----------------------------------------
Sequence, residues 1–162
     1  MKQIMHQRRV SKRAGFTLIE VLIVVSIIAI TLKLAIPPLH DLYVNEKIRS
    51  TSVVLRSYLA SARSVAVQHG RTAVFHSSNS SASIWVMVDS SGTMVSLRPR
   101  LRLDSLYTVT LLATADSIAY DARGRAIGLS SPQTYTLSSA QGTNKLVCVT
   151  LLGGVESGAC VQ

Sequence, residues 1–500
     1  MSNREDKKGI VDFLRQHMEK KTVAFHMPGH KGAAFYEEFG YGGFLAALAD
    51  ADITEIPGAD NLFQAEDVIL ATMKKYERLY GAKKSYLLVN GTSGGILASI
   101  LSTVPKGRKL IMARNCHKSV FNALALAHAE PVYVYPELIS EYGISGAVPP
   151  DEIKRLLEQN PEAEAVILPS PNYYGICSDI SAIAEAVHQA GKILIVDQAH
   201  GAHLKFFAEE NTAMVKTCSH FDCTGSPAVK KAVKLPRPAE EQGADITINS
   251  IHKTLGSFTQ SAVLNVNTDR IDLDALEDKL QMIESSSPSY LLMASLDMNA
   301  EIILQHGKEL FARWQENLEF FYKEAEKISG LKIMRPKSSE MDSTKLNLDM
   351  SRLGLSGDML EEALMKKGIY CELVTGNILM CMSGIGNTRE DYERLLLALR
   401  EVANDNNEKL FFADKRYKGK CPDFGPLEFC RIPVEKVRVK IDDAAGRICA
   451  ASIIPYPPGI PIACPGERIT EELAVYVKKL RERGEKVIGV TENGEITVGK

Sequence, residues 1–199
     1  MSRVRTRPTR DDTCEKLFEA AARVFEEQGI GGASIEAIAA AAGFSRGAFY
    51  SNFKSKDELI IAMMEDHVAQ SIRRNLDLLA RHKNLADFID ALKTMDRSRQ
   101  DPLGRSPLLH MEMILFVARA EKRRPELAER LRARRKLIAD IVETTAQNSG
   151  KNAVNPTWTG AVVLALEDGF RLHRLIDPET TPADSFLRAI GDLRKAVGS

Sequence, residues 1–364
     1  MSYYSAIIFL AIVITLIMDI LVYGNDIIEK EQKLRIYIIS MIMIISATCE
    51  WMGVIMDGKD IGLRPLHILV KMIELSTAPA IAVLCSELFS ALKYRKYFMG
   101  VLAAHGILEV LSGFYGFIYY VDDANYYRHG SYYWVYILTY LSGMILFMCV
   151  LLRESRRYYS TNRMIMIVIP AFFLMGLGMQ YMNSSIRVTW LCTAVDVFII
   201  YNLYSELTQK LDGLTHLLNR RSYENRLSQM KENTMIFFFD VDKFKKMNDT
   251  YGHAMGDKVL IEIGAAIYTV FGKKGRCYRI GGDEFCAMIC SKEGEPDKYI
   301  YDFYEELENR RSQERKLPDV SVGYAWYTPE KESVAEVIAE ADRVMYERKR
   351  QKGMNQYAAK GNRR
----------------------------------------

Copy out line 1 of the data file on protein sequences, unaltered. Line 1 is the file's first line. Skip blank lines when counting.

Sequence, residues 1–162